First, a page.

insulin drip protocol for mixing/priming: how do you mix it?
- 0I'm a recent new grad to the ER (today was my 7th day) and got my first DKA patient. Here's a quick run down of the story:
Patient brought in by ambulance with DKA secondary to running out of insulin and not eating for 2 days (pt decided to spend the money on meth instead). An insulin drip was ordered.
In our department, we mix our own insulin with 100 units in a 100ml bag of NS. A disagreement arose between nurses in teaching me how to prime the bag.
The old protocol was to mix the insulin in 100ml of NS, and drain the entire bag. Then mix another bag, spike it, and run it. The rationale is insulin sticks to the plastic of the tubing and therefore, the patient does not receive the intended dose of insulin. Coating the tubing with insulin will allow the rest of the insulin to flow through better.
The current protocol is to address wasting insulin and NS. The procedure is to mix the insulin in NS and drain the first 20ml. How do you guys mix it and is there any evidence-based research to substantiate this? I tried searching Pubmed and Google but couldn't find anything. Maybe someone here will have a better idea.
- 0May 28, '10 by talaxandraI'm not aware of any research done comparing various priming methods, or even the rates of insulin absorption. At my workplace we get around it by using a syringe line - the plastic of the syringe is relatively non-porous and the minimum volume tubing significantly reduces insulin absorption.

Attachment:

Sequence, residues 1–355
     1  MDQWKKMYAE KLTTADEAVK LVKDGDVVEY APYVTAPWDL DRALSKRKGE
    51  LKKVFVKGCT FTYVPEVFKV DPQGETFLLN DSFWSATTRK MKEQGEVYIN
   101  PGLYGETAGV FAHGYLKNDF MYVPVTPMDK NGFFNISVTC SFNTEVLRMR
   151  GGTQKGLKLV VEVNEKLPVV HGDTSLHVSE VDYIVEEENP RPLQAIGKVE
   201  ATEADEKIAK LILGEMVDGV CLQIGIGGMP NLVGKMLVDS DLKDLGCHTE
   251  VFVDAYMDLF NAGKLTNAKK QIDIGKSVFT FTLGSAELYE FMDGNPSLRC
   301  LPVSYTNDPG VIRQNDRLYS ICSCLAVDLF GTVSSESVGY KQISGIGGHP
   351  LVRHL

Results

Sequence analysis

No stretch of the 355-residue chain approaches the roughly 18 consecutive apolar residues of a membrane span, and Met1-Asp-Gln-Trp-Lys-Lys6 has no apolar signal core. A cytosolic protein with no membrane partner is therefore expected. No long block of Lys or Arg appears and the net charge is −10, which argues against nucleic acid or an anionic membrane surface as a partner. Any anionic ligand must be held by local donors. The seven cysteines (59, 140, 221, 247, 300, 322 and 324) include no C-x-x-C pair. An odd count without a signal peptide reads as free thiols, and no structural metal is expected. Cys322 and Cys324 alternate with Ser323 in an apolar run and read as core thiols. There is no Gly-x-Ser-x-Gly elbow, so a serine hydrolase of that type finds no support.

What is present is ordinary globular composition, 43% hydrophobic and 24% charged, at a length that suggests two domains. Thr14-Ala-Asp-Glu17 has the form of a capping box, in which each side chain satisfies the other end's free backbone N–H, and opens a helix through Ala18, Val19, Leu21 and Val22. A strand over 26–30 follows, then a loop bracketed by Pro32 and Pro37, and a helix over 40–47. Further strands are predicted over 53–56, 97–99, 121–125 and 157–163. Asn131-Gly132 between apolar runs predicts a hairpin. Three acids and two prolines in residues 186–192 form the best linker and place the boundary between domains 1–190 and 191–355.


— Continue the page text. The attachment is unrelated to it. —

- 0May 28, '10 by TaitI have no experience with mixing insulin but when we get our drips we just prime it and run it. I just called my pharmacist and he said you lose a scant amount of the insulin in the prime, but for the most part it doesn't make a great deal of difference in the long run.
I think the "old" method sounds expensive and extremely wasteful.
- 0Thanks for checking Tait. It seems like a lot of other hospitals prime it normally. I got to thinking, if the rationale for the "old" method was true, wouldn't there be a lot of DKA patients with unchanging blood sugars? I just feel bad pouring insulin down the drain (no pun intended).
- 3May 28, '10 by talaxandraThere are two problems, despite hourly monitoring. The first comes when you change the flask and tubing, and the previous dose is ineffective. Which leads to the second problem - it takes much longer for the DKA episode to resolve, and increases the likelihood of dramatic fluctutations in BGL.
A 1998 paper discussing the difference in insulin administration rates with primed and unprimed tubing can be found here. The position is supported in a 2007 paper,Unexplained hyperglycemia has been observed following changes of insulin i.v. tubing in the literature... the concentration of insulin in the first 15mL of the 1unit regular insulin/1mL solution from the i.v. tubing was variable, contributing to hyperglycemia in some patients, despite previously stable glycemic control. Therefore, flushing new new i.v. tubing with 10-30mL of 1unit regular insulin/1mL 0.9% sodium chloride should be considered before initiation of the insulin infusion.